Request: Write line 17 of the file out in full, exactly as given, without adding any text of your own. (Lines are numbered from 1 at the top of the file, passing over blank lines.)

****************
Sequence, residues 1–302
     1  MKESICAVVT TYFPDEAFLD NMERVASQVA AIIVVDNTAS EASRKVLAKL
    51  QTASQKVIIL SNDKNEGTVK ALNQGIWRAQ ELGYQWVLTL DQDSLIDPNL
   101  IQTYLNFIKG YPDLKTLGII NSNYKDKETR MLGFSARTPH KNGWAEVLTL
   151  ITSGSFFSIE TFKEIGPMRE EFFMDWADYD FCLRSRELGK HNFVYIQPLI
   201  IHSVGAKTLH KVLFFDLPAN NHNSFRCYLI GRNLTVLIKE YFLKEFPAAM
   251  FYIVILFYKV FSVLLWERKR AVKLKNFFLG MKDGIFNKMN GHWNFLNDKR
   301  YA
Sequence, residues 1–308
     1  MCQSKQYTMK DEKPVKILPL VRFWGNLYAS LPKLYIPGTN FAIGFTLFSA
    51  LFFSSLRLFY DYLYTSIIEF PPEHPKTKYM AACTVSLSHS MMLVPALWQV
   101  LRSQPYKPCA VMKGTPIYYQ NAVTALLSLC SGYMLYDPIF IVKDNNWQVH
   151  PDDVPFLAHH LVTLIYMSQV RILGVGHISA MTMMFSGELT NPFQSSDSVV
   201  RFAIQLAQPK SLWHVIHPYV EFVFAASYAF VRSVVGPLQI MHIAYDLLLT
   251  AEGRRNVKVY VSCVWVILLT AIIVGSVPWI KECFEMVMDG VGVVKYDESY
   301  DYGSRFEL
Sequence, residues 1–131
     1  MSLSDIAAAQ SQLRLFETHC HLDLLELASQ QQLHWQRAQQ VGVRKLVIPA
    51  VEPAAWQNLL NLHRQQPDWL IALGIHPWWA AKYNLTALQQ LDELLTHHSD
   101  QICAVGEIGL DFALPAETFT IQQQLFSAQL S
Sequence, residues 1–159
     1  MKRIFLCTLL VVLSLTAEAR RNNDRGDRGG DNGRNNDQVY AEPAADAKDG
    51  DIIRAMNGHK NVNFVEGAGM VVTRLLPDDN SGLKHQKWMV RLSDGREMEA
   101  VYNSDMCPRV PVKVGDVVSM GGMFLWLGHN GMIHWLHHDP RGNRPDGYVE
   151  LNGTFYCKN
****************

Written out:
Sequence, residues 1–131